Psychodynamic psychotherapy is based on the assumption that the individual is experiencing internal emotional conflicts and that the associated emotions cannot be identified or expressed. As a result, the conflict is manifested through somatic symptoms. The therapy focuses on attempting to uncover and resolve these conflicts by having the patient identify associated emotions and express them openly in the therapy sessions. As the patient does this work, the somatic symptoms become unnecessary and remit. A meta-analysis of short-term therapy for somatic symptom disorders found benefits for subjects in multiple areas, including physical symptom reduction, improvement in social and occupational functioning and psychological symptoms as well as decreases in health care utilization. Unfortunately, many patients with somatization may not be enthusiastic about exploring unconscious conflicts. In general, the psychodynamic psychotherapy is a longer-term, time-intensive approach that requires a referral to a specialist and a significant commitment from the patient.
In family-oriented approaches to therapy, therapists must integrate the biological and psychosocial aspects of the patient’s illness. The care provider must collaborate with the patient and the patient’s family in treating the illness. Further, the clinician must demonstrate true interest in and curiosity about the patient’s symptoms, family, relationships, and life. These therapies attempt to help the patients and their families break down the distinction between physical and psychological and move their thinking from “either–or” (e.g., it is either a physical problem or a mental problem) to “both–and” (e.g., the problem has both physical and mental facets). Relational therapists argue that effective therapy involves validating the illness, involving the family, working closely with the health care team, and enhancing the patient’s curiosity about symptoms. They also emphasize demonstrating interest in the patient’s somatic symptoms, helping the patient to see the relationship between the somatic symptoms and psychosocial stressors, and using physical interventions (e.g., biofeedback and relaxation techniques) to form an alliance with the patient to deal with the illness.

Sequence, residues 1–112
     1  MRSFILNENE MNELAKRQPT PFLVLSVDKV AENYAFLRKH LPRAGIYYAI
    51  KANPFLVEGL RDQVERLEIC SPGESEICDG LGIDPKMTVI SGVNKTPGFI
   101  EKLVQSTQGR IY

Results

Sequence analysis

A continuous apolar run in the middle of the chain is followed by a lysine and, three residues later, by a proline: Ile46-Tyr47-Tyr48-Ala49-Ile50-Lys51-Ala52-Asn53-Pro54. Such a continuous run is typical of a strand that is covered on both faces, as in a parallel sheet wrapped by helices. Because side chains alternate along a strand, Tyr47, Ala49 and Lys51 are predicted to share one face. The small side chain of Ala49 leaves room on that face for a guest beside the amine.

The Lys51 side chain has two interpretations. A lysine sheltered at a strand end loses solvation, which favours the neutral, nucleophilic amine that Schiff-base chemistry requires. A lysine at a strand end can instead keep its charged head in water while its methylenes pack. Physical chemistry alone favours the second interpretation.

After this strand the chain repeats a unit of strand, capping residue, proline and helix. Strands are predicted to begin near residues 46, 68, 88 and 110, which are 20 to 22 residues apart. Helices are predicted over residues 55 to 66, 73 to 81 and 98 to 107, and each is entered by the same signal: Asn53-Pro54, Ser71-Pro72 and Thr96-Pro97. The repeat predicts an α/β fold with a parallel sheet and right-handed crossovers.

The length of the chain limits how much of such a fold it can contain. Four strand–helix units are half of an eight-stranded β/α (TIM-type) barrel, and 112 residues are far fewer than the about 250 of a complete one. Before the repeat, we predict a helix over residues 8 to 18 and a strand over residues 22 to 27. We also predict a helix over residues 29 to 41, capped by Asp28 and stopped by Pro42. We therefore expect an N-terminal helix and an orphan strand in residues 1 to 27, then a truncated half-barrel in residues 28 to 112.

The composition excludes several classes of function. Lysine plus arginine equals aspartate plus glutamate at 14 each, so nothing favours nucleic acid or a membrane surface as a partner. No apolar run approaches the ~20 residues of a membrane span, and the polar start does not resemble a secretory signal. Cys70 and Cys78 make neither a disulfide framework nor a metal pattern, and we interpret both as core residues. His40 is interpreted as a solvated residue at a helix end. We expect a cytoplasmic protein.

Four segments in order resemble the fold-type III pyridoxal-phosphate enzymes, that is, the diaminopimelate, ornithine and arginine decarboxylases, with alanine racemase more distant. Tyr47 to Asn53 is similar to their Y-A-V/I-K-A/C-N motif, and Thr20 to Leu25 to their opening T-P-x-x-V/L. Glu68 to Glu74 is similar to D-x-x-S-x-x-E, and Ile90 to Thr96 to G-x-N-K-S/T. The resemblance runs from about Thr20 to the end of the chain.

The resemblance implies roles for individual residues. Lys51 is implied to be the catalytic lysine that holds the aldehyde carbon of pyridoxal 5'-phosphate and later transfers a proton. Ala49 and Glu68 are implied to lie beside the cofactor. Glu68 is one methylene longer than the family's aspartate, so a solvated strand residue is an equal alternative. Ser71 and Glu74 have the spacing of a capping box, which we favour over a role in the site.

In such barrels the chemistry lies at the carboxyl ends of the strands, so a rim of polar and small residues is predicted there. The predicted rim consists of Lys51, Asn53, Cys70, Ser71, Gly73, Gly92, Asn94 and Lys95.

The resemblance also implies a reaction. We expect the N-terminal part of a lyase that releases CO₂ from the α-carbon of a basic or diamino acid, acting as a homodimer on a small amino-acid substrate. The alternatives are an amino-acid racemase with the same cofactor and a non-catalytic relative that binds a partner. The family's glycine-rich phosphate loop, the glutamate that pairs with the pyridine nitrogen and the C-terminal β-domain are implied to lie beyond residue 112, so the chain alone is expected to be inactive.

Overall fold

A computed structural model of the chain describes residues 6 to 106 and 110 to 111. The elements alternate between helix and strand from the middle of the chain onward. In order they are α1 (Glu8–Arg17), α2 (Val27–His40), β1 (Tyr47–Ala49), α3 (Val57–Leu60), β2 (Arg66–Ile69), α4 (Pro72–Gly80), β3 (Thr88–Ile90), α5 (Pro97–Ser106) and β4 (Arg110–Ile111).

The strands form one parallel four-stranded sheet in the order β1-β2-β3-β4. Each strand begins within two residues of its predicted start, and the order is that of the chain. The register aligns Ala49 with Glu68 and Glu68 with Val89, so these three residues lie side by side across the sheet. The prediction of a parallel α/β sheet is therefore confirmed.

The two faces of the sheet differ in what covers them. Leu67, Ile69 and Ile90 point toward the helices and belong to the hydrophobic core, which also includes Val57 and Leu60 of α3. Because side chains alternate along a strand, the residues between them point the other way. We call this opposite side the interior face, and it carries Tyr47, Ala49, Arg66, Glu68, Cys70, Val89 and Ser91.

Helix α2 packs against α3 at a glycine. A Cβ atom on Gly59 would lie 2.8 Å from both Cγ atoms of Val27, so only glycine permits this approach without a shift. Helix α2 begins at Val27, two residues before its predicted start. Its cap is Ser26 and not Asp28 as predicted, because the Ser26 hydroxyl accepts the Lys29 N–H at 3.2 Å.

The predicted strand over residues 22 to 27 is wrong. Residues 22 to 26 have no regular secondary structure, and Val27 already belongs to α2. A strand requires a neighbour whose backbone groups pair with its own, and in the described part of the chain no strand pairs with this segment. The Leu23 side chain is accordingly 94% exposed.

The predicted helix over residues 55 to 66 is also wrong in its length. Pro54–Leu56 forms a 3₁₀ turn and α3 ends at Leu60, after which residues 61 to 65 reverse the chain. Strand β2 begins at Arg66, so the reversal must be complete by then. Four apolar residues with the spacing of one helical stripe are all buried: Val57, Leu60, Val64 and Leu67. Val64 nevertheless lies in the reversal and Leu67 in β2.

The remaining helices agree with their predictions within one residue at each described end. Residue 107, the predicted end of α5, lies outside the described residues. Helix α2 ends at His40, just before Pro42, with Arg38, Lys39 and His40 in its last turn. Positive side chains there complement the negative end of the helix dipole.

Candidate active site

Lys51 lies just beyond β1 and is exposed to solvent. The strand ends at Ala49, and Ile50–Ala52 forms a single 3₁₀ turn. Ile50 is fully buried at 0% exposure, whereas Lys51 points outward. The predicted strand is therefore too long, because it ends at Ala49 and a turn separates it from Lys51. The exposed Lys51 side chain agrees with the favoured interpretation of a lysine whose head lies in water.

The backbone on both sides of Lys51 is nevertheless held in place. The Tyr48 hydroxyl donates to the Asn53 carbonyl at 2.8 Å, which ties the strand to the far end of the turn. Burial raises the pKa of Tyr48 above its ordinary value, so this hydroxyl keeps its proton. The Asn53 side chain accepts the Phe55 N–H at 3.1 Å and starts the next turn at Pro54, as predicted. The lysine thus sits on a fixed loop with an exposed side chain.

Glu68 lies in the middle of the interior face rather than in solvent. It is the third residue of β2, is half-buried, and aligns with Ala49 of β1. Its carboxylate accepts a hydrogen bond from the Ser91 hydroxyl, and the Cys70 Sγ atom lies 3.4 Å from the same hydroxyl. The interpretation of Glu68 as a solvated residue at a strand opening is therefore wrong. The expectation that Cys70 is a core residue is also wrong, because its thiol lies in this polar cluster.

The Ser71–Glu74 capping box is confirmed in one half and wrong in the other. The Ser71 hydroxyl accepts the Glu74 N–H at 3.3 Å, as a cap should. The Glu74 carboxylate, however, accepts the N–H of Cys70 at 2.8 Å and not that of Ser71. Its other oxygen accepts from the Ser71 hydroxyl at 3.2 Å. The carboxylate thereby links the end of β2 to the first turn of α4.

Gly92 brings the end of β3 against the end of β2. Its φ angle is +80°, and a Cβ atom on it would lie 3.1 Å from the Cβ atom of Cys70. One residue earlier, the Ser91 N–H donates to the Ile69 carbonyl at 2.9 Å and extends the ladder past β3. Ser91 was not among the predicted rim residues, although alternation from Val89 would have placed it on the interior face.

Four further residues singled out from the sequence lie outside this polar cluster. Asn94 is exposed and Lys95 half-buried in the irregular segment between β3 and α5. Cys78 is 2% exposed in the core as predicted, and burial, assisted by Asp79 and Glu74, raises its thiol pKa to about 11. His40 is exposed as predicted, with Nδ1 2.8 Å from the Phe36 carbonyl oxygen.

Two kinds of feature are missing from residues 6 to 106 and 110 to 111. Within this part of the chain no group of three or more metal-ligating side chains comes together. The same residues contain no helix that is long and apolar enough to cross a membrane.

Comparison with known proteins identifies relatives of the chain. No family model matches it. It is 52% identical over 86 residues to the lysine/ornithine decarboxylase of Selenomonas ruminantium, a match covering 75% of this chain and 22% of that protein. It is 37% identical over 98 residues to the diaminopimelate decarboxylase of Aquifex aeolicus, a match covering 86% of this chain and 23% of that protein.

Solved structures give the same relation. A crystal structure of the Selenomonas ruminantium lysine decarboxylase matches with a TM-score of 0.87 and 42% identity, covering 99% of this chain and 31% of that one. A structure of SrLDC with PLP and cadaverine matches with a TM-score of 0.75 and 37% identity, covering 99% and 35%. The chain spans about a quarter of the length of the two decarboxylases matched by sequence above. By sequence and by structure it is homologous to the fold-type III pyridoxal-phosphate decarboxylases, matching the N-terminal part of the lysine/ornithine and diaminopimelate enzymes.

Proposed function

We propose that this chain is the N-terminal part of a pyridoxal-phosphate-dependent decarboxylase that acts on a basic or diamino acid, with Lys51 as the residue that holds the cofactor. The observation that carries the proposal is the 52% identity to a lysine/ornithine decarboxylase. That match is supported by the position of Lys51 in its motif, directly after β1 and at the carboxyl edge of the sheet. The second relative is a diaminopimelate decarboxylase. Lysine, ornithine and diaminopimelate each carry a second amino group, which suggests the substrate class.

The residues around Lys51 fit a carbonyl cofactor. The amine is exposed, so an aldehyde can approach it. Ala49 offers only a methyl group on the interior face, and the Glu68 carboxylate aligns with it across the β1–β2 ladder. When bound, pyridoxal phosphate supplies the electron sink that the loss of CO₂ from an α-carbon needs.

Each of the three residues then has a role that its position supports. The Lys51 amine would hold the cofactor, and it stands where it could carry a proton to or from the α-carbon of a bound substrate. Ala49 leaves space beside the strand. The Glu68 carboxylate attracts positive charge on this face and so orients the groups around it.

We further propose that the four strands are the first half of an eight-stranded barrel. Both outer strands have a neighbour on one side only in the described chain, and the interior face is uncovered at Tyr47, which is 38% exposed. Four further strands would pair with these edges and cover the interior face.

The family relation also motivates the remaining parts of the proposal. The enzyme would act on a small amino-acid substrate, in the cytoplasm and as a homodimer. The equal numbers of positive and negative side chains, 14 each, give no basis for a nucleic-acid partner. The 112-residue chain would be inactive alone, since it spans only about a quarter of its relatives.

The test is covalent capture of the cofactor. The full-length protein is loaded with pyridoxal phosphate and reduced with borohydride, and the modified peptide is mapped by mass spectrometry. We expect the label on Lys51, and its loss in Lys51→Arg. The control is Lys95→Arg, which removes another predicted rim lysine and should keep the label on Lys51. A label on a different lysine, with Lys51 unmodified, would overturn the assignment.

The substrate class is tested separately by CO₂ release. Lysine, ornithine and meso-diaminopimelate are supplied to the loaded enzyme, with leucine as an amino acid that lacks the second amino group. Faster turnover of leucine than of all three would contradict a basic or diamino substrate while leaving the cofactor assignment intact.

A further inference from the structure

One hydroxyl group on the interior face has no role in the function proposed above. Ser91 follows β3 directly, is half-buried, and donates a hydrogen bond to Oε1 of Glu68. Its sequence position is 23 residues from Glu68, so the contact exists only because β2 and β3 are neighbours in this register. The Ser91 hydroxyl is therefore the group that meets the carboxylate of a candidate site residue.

Data on the efficacy of using medications to treat somatic symptom disorders is limited; to date there are few randomized, controlled studies. However, there have been several small, open studies demonstrating the effectiveness of fluoxetine, sertraline, escitalopram, venlafaxine, and mirtazapine in reducing somatic complaints, depressive symptoms, and improving overall assessment of health. Other studies have found similar results with agents that enhance serotonergic transmission in the treatment of patients with body dysmorphic disorder. There is also evidence that St. John’s Wort is effective in treating somatic symptom disorders, with reduction in somatization symptoms and improvement in patients’ self-assessments of health. However, information on the long-term effectiveness of such treatments is yet to be elucidated. Moreover, investigations into the benefits of treatment of comorbid anxiety and depression have yielded mixed results depending on the specific somatic condition, with less success in patients with chronic pain and fibromyalgia.
A summary of recommendations for managing patients with somatization symptoms is found in Table 28-3.
Table 28-3.Management of somatization. ||Download (.pdf) Table 28-3. Management of somatization.
Take a detailed history, perform a physical examination, and order appropriate diagnostic studies.
Screen individuals with multiple somatic complaints for psychiatric disorders.
Integrate the patient’s physical and psychosocial concerns by inquiring not only about somatic symptoms but also about other events in the person’s life.
Develop an empathic relationship.
Never challenge the validity of the patient’s somatic symptoms.
Do not utilize psychological labels for the patient’s symptoms.
Schedule the patient for appointments at regular intervals.
Establish realistic expectations.
Care for yourself.